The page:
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Tuesday, October 31, 2006

Learning the Hard Way

Well, that didn’t take long. Remember Garcetti v. Ceballos from this spring? The case where, by a narrow 5-4 margin, the Supreme Court told public employees the Constitution doesn't protect them when they speak up to report workplace waste, fraud or corruption? At the time, we mentioned a "dizzying array" of hypothetical scenarios where Garcetti leaves government whistleblowers exposed.

Not so hypothetical any more.

Lillie Battle started working in the financial aid office at Fort Valley State University in Georgia in 1987. Beginning in 1995, she became aware of irregular activity in the administration of the federal work study program. She concluded that her supervisor was “falsifying information, awarding financial aid to ineligible recipients, making excessive awards, and forging documents.”

Battle tried to do the right thing. On a number of occasions, she confronted her supervisor directly. She also met with the university president to alert him to her concerns. All to no avail. But Battle persisted. She met with her supervisor’s boss and again with the university president. Still no action.

In May 1998, despite having worked for the university for eleven years, and despite having always received “exceeds requirements” performance ratings, Battle was told her contract would not be renewed. She appealed the decision, complaining it was retaliation for her reports of impropriety, but a grievance committee ruled against her.

A month after receiving the initial termination notice, Battle took her complaints -- and over sixty pages of documents showing potential fraud -- to a higher authority: the Department of Education. Almost immediately thereafter, the state audited Fort Valley State University and found “serious noncompliance with federal regulations and risk factors for fraud.” Subsequent audits reached the same results. Battle’s former supervisor transferred out of the financial aid office and later resigned, and the university had to pay $2,167,941 to settle the case.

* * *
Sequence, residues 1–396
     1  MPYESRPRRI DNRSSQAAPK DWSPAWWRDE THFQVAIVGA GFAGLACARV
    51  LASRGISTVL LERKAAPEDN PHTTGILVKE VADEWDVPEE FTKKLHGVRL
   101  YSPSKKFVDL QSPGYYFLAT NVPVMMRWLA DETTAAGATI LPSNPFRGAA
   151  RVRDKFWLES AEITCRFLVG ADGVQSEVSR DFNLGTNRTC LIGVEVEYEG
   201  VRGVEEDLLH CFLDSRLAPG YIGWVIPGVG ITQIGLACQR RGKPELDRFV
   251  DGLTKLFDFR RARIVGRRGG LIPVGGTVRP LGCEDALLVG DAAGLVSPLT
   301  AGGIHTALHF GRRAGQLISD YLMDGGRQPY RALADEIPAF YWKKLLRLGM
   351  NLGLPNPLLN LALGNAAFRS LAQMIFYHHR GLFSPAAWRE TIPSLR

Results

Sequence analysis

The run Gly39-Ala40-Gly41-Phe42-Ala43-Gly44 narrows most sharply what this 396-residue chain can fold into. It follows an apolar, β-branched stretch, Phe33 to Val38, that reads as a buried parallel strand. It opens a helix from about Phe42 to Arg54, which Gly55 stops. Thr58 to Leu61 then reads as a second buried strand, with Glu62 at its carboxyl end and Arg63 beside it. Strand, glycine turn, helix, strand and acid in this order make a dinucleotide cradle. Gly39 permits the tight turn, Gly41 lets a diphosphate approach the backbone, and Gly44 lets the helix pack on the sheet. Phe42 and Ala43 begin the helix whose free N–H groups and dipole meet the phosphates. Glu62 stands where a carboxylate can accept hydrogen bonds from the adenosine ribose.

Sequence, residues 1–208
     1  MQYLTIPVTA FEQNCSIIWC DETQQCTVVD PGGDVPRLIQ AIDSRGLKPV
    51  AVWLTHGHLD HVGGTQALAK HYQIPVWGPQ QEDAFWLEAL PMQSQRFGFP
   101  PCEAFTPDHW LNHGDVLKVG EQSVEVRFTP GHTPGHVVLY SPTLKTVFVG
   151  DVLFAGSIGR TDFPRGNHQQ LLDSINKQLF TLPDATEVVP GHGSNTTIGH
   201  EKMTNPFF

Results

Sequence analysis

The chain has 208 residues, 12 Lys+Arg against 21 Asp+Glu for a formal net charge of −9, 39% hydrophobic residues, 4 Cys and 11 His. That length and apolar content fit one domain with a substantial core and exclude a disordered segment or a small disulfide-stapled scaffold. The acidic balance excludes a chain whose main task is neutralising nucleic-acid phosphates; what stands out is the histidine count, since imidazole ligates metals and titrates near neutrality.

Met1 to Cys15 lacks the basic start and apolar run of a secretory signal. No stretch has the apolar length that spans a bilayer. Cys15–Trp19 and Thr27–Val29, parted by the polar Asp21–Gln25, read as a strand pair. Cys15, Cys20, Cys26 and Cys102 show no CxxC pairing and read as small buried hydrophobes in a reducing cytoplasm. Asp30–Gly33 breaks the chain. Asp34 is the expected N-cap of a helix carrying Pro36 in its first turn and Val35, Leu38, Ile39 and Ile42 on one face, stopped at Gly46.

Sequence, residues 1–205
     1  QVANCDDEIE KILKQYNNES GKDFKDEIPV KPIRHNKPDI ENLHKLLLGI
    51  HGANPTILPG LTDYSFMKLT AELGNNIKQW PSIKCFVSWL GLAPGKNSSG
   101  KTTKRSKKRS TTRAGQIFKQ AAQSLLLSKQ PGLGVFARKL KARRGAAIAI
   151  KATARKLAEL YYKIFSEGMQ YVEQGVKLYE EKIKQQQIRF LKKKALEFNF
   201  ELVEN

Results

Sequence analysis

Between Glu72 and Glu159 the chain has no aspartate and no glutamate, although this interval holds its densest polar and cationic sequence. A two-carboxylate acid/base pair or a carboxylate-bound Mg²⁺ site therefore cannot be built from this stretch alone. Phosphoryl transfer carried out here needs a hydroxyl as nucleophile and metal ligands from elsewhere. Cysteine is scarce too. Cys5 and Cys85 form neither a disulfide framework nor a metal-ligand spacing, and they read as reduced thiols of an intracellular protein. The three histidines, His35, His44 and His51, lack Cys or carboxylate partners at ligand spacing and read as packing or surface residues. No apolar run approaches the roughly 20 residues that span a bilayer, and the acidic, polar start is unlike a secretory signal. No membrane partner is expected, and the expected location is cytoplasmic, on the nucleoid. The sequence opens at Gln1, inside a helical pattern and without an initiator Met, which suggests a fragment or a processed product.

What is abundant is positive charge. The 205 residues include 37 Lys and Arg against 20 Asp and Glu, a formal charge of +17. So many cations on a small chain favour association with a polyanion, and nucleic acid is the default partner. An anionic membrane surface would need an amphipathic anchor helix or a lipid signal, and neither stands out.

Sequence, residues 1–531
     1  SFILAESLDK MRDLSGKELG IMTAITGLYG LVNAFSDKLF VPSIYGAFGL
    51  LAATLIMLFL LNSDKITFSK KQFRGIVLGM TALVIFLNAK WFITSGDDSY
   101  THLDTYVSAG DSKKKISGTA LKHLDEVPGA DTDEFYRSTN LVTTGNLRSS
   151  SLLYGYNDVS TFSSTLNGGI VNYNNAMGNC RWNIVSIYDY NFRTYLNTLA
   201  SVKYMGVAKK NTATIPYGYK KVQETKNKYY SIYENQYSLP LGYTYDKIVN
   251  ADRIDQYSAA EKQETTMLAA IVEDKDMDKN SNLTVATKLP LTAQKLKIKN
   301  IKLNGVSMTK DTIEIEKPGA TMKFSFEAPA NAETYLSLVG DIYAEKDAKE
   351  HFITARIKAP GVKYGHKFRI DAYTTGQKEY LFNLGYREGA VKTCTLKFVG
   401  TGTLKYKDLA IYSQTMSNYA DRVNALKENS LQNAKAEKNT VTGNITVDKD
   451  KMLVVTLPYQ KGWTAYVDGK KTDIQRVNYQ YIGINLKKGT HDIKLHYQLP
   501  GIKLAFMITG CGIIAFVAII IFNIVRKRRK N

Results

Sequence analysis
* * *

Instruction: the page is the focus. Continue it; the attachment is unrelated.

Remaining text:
Battle sued the university. Among other things, she alleged that its refusal to renew her contract was unconstitutional retaliation for the complaints she made.

Might have been a good case -- until Garcetti.

Because of the Supreme Court's decision, the Eleventh Circuit was obligated to dismiss Battle's constitutional claim. Consistent with Garcetti, a three-judge panel of the court unanimously held that because Battle’s statements were made as part of her job, they were not protected speech under the First Amendment. And because of the panel’s arguably pinched ruling on a non-constitutional claim that Battle raised, she is now left with no legal recourse for the harm she apparently suffered for exposing what the state of Georgia confirmed to be truthful information about rampant irregularities.

While the Garcetti decision was 5-4, Battle has Justice Alito, in particular, to thank for her predicament. It was his replacement of Justice O'Connor on the Court in the middle of last term that almost certainly flipped the result in Garcetti. But for his confirmation, Battle and the rest of the nation’s 21 million public employees might still enjoy constitutional backing to ensure the safety, competence and integrity of our government workplaces.

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